The venue once housed the Legislative Building which protesters surrounded to oppose the early years of Marcos’ father’s dictatorship
MANILA, Philippines – Ferdinand “Bongbong” Marcos Jr. will be sworn in as the 17th President of the Philippines at the National Museum on June 30, his side announced Thursday, June 2.
It is unclear whether the swearing-in will take place indoors or outdoors, but according to the new presidential leadership personnel secretary, Naida Angping, “the building and its surroundings meet our requirements for the inauguration of President-elect Marcos”.
“Preparations are already in full swing to ensure he will be ready by then,” Angping said.
Marcos was elected by 31 million people or an overwhelming 58% of the vote, the first majority president to be elected in the country.
The National Museum, located in the heart of Manila, has a picturesque white neoclassical facade with a flagpole in the center. The driveway and entrance to the museum are elevated.
Camp Marcos in a press release called it a “historic place.”
“Formerly known as the Old Legislative Building, it served as the venue for the inauguration of former Presidents Manuel L. Quezon (1935), Jose P. Laurel (1943), and Manuel Roxas (1946),” the official said. Marcos press release. .
Marcos’ father, the late dictator Ferdinand Marcos Sr., presided over the Senate as President of the Senate in the same building.
But when Marcos Sr. won a second presidential term in 1969, it was also where protesters gathered to oppose his leadership, marking the start of the first quarter storm or a period of civil unrest in the country.
A massive student rally surrounded the Old Legislative Building on January 26, 1970, the same facade that may have seen the son sworn in on June 30.
The National Museum, the former legislative building, was the site of a massive protest in 1970 led by the likes of Edgar Jopson that sparked the storm of the first quarter and led to the declaration of martial law in 1972.
Photo from “The Life and Struggle of Edgar Jopson” by Benjamin Pimentel pic.twitter.com/FhZzl20i0M
— Lian Buan (@lianbuan) June 2, 2022
The first-term storm eventually led Marcos Sr. to declare martial law in 1972, a dark time for the Philippines but which the family had tried to rebrand as a golden age as part of a campaign to return to the power. Marcos Sr. abolished Congress through the 1973 Constitution, a railroad charter that was upheld by the Supreme Court in a decision still accused today of enabling repressive dictatorship.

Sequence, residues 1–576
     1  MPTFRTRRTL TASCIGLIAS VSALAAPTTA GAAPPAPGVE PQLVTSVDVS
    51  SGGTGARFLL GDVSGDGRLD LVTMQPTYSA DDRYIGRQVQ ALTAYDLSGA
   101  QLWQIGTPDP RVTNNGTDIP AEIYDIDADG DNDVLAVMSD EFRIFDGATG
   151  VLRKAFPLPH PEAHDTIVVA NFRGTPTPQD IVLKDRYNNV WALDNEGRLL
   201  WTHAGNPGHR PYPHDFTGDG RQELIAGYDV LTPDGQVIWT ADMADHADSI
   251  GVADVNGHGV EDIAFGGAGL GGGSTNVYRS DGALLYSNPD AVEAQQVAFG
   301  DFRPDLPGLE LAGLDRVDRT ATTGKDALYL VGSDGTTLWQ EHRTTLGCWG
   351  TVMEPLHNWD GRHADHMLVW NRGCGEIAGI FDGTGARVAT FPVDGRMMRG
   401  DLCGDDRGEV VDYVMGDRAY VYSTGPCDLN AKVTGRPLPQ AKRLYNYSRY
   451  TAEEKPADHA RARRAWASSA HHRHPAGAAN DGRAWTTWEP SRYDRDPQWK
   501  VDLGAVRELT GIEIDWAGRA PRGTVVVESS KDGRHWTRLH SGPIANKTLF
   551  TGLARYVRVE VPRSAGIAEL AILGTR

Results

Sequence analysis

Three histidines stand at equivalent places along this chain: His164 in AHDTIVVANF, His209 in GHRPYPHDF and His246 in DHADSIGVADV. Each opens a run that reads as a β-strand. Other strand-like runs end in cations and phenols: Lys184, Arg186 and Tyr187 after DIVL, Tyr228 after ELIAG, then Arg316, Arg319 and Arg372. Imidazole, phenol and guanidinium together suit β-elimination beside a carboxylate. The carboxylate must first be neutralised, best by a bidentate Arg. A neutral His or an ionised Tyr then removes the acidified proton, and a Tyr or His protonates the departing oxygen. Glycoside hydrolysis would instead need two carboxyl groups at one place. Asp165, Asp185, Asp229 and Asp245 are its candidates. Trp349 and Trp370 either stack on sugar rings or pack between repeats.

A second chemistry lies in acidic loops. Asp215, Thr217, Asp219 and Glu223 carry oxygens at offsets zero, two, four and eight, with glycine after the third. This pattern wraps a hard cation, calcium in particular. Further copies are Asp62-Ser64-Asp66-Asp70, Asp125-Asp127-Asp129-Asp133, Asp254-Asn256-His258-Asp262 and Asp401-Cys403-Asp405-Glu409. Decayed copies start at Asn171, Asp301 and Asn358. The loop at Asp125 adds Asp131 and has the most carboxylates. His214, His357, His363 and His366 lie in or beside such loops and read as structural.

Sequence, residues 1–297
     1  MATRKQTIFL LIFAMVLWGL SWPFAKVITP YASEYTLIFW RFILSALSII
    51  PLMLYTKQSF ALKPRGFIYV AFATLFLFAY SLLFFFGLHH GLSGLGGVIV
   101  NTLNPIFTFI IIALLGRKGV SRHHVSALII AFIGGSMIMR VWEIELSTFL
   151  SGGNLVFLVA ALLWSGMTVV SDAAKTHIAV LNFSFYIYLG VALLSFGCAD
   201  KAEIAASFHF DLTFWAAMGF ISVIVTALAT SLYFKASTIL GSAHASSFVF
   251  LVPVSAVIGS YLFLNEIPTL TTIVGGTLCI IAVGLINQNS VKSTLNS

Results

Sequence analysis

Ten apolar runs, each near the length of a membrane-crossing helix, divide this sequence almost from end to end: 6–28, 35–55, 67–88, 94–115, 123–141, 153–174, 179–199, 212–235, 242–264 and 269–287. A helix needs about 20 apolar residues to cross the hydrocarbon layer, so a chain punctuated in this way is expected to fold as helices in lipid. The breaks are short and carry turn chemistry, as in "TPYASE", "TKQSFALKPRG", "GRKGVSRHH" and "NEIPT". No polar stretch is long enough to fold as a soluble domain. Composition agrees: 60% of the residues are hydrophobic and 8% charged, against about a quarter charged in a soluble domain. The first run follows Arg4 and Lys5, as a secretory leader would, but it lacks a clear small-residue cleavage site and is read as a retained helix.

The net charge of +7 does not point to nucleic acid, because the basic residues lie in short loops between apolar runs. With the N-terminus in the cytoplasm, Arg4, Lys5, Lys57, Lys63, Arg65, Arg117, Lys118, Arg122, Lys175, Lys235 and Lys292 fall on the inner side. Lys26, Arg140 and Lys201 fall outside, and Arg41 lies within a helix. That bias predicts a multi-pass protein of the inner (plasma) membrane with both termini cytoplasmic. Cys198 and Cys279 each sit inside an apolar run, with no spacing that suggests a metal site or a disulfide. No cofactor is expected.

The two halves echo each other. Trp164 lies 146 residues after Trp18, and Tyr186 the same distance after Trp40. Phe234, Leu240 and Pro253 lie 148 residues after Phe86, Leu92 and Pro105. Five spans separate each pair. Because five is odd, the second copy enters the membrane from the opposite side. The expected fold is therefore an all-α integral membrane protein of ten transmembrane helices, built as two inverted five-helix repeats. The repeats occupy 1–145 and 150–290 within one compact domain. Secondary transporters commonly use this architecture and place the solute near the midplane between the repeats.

If Marcos Jr were to be inaugurated in the old indoor session hall, it would still be in the shadow of his history padlocked in 1973 when his father abolished Congress.
When Marcos Sr passed the 1973 Constitution, the opposition went to Congress – now the National Museum – and found it locked. Two months later, the Supreme Court of Javellana against ES upheld the Consti of 1973, accused until today of enabling the repressive regime.
📸 Official Journalhttps://t.co/q1bXZIJ6rB pic.twitter.com/aKgooKE7IH
— Lian Buan (@lianbuan) June 2, 2022
The first plan was for Marcos to take the oath at the Quirino Rostrum, the same venue as the dictator’s inauguration. But the area is still home to several COVID-19 field hospitals.
“The safety and well-being of our employees is paramount. Thus, we have chosen not to disrupt the medical care of the COVID-19 patients who are accommodated there. That’s why we opted for the National Museum as the venue,” Angping said.
Who will administer the oath?
Usually, Supreme Court justices administer the oath of presidents — Bienvenido Reyes for Rodrigo Duterte, Conchita Carpio Morales for Benigno “Noynoy” Aquino III, Hilario Davide for post-EDSA II Gloria Macapagal-Arroyo.
Supreme Court spokesman Brian Keith Hosaka said Chief Justice Alexander Gesmundo’s office had not received any requests, “but I don’t know with the associate justices’ offices.”
Other government officials, including mayors and even barangay captains, are empowered by Republic Act 10755 to administer the President’s Oath. – Rappler.com